Skip to content

Three Square Votes a Day

November 11, 2012


Like many Americans, I shuffled off to my polling place last Tuesday morning and cast my vote, then shuffled off to work, proud to have done my civic duty.  It was a long and rancorous campaign season, but the silver lining was the amount of public discourse that had taken place around important issues over the last few months.   Elections have that effect on society – they get us talking and thinking.  We realize that an election offers us an opportunity to concretely interject our voice into the workings of this country, and that such opportunities are rare.  Or are they?


As citizens, we sell ourselves short when it comes to the power of day-to-day choices.  We’ll spend a year prepping ourselves for a Presidential election, and exactly no time at all thinking about how what we ate for breakfast could change our country.  The concept “Vote with your fork” has been around for awhile (check out this article by Michael Pollan), but I am frequently amazed at the ease with which people at all points on the political spectrum are able to mentally distance themselves from this idea.  Politicians come and go, but money is the eternal legislator of our nation.  And as food is such a frequent purchase, ultimately our choice of what fills our daily three squares – and where it’s sourced – constitutes one of the most important political decisions that we can make, especially with concern to the environment.  In the United States alone, agricultural land constitutes nearly half of the total acreage – over 15 times the area dedicated to urban land.  Agriculture is the single biggest impact that humankind has made upon the Earth; food – and the choices we make concerning it – is intimately tied to the present and future health of our global economy and environment.


So what are you voting for at dinner time?  To quote the site “3 Votes a Day”:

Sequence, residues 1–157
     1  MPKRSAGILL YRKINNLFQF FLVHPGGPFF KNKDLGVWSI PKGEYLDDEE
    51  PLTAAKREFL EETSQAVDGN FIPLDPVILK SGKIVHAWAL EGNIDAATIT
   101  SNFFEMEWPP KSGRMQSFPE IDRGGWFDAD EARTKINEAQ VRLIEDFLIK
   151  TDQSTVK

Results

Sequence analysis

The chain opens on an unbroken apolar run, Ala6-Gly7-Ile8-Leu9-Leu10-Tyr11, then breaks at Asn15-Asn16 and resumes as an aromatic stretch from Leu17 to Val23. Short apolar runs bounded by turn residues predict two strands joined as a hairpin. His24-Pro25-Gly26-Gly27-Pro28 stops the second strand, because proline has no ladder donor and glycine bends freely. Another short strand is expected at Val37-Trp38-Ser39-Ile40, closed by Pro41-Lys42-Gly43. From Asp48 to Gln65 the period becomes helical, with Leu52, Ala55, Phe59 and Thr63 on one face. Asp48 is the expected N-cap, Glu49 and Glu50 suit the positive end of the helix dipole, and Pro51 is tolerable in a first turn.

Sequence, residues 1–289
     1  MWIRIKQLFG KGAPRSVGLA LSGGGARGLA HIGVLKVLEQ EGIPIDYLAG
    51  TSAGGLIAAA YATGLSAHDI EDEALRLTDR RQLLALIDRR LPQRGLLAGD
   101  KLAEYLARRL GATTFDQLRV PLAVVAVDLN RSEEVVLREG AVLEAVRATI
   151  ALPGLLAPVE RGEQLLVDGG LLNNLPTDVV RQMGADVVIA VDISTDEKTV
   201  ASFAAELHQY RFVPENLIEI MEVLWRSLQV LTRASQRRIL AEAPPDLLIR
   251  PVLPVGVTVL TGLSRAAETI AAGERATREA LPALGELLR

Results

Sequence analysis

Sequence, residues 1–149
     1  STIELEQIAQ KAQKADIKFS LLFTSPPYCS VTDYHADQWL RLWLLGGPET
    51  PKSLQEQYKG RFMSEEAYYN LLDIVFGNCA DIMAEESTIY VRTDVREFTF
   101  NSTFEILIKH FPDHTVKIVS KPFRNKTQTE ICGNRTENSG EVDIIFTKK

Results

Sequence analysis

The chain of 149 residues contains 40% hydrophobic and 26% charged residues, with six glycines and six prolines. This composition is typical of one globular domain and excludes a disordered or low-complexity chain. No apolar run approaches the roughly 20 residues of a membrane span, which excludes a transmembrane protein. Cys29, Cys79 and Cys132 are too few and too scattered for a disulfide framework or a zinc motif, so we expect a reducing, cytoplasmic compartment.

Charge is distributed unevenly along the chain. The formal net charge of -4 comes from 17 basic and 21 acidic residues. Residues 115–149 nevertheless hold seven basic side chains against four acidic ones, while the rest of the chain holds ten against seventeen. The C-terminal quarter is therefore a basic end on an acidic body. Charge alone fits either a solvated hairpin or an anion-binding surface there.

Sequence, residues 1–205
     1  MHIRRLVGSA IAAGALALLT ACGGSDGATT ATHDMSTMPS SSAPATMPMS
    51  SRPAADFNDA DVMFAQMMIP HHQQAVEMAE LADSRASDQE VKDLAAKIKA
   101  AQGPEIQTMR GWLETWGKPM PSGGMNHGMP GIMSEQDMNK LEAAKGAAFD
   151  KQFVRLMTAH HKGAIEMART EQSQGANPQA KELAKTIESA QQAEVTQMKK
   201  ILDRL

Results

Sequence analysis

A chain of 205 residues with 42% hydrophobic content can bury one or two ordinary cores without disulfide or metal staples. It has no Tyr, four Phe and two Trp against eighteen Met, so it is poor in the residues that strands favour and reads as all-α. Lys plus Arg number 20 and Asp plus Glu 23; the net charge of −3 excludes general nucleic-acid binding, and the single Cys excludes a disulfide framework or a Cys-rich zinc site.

“Buying local, sustainably grown fruit, vegetables, milk, meat and grains is a vote for independent businesses, small farms and diverse landscapes.  Buying conventionally grown, processed foods is a vote for feedlots, homogenous fast food chains, and petroleum fueled industrial agriculture.”


How can you vote for the former?  Attend farmer’s markets, buy a CSA (Community Supported Agriculture) meat or produce subscription, support your local food co-op; if these aren’t options for you, try to choose neighborhood grocers (Tim and Tom’s Speedy Market!) over SUPERVALU owned chains (many names – Cub, Jewel-Osco, Shop n’ Save – same owner), look for seasonal, USA-grown produce in the supermarket.  Go to local restaurants rather than chains.  Read food labels, and take a pass on things with a billion ingredients, especially if they are heavy in corn and soy derivatives (subsidized with tax-payer funds) or palm oil (Level 10 Rainforest Destruction ability).  Learn where your meat comes from, and how it was raised – and if you can’t determine these things (or if the truth makes you nauseous) don’t buy it.  Eat More Kale.

Go to Google.  Research your home.  Find out what it has to offer.  Support it.  Vote with your dollars.  Once every four years we get the option of choosing between two people (dudes) for President, but we vote with our forks and wallets every day.


The Power is Yours!  Chews wisely.




Happy eating,




One Comment leave one →
  1. bree0087 permalink
    November 11, 2012 5:51 pm

    HEYO! Nice article Kueps! And so true, I’m going to forward it to my Mom. Nothing like clear prose telling it how it is yo.

Leave a Reply

Fill in your details below or click an icon to log in: Logo

You are commenting using your account. Log Out /  Change )

Google+ photo

You are commenting using your Google+ account. Log Out /  Change )

Twitter picture

You are commenting using your Twitter account. Log Out /  Change )

Facebook photo

You are commenting using your Facebook account. Log Out /  Change )

Connecting to %s

%d bloggers like this: